During the Second World War, millions of men and thousands of women left their jobs and disrupted their lives to join the military. They put themselves in harm’s way for their country. The Second World War was violent and lethal. Death and injury rates were much higher than anything imagined in Vietnam or Iraq. At home, the general population submitted to rationing and did more with less. There was a strong sense of national purpose and national unity. Idealism grew as Americans worked together to win the war. (Our major allies, the British and the Russians, also made great contributions to the war effort. In addition, England had to endure a massive German bombing campaign, and the Russians suffered horribly when much of European Russia was occupied by the Nazis.)

While most of the country pulled together to win the war, “everybody knew that a lot of hanky-panky was going on . . . that a lot of illicit fortunes were being made, a lot of junk was being sold to the armed services, we all knew that. The average person was violating rationing. All the rules were being violated every day but you wanted not to mention it.” Arthur Miller in a 1993 interview reported by Christopher Bigsby in his introduction to All My Sons: A Drama in Three Acts, Penguin Classics. As to the illicit fortunes being made and the junk being sold, the productive capacity of the country had to be focused on the output of arms and munitions. Businesses owned that productive capacity and made sure that they profited from the war. The government was so desperate for increased production that sometimes it built plants and handed them over to businesses for free. Often contracts were “cost plus,” where the government paid for the costs of production plus a guaranteed profit. There were serious problems with the production of shoddy goods but overall, the tremendous output of American factories was a major factor in the Allies winning the war. In this process, many businesses, particularly large corporations, made a lot of money. Small businesses like Joe Keller’s company, profited, too.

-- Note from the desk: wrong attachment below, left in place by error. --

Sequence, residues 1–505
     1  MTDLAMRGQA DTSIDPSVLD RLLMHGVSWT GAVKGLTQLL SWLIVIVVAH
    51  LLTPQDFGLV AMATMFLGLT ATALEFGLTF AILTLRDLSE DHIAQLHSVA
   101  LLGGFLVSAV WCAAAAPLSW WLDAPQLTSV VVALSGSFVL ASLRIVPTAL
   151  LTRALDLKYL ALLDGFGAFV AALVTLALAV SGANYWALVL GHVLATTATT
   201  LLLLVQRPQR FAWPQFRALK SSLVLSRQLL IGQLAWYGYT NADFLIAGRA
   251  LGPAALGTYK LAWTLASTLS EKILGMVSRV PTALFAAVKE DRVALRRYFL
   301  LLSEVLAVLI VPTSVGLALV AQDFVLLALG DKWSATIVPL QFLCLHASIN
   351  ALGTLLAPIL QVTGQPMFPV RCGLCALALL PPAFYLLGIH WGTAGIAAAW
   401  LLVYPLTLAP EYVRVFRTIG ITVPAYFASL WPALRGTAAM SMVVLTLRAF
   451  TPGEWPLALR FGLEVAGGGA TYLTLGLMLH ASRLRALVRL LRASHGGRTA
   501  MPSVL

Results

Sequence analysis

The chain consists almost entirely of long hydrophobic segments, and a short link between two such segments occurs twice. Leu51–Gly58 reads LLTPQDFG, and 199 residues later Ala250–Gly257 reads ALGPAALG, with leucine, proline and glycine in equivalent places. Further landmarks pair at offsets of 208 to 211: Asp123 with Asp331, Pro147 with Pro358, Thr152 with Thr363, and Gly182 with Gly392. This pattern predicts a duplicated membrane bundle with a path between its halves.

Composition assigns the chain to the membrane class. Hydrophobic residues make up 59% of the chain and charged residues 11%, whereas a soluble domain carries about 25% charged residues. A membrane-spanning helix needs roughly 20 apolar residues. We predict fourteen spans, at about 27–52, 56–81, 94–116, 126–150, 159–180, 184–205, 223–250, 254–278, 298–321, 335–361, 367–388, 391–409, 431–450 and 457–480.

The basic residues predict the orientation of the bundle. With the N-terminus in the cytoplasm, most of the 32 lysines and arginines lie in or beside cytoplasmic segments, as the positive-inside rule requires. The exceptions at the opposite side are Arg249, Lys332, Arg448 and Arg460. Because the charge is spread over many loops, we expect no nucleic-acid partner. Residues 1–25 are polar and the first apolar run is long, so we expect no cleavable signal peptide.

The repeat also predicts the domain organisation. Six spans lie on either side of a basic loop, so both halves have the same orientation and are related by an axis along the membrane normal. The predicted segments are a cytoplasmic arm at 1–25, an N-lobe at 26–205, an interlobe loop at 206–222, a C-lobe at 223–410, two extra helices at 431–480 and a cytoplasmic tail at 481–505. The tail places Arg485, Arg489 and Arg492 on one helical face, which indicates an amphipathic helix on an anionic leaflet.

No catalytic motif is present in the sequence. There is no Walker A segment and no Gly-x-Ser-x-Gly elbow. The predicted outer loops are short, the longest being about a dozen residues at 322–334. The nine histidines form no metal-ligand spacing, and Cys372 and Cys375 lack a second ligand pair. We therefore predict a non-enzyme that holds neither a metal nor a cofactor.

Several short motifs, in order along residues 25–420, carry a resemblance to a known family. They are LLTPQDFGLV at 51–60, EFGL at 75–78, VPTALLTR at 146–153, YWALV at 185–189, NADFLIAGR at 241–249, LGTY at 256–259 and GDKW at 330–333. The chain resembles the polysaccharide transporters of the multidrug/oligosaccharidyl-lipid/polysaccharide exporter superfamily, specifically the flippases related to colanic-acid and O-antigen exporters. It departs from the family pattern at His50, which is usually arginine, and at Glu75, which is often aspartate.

And so there was a disconnect between sacrifice of the soldiers, sailors, fliers and many people on the home front, and violating the rules to escape that sacrifice or to make money on the war. Soldiers coming home from the war felt it more acutely than anyone else. During the war, Arthur Miller had interviewed soldiers who returning home from combat. Their voice is found in Chris Keller. This conflict between the idealism and the grab for wealth, both of which characterized the Second World War, is expressed in “All My Sons.”

Since the Second World War, a “military-industrial” complex has become entrenched in the economy, politics, and government of the United States. The conflict between those who make money from war and the sacrifice of the soldiers who fight is still with us.

Then briefly discuss the American Dream:

The American Dream has three important aspects. One is to live free from government oppression. Another is to improve the financial situation of the family through intelligence and hard work. The third is to give the children in the family a better start in life than the parents had. The American Dream is based on people coming from the old countries of Europe or Asia where they were oppressed and desperately poor. In America they were able to prosper in relative freedom. The American Dream has also applied to poor native-born Americans who were able to improve their situations, provide a better life for their families, and give their children a better start in life.

Finally, pose the following questions to the class. After the class has read or seen the play, these points should be discussed.

  • What does this play tell us about the limits of the “American Dream?” (See the Quick Discussion Question.)
  • Joe, Chris and Kate each have different flaws in their character. What are they? (See the first Discussion Question under the topic Characters.)
  • This play explores the relationship between a father and a child. What happened to that relationship through the course of the play? (See the first Discussion Question under the topic Parent/Child Conflict).
  • This play explores the relationship between a husband and a wife. What happened to that relationship through the course of the play? (See the first Discussion Question under the SEL topic Marriage).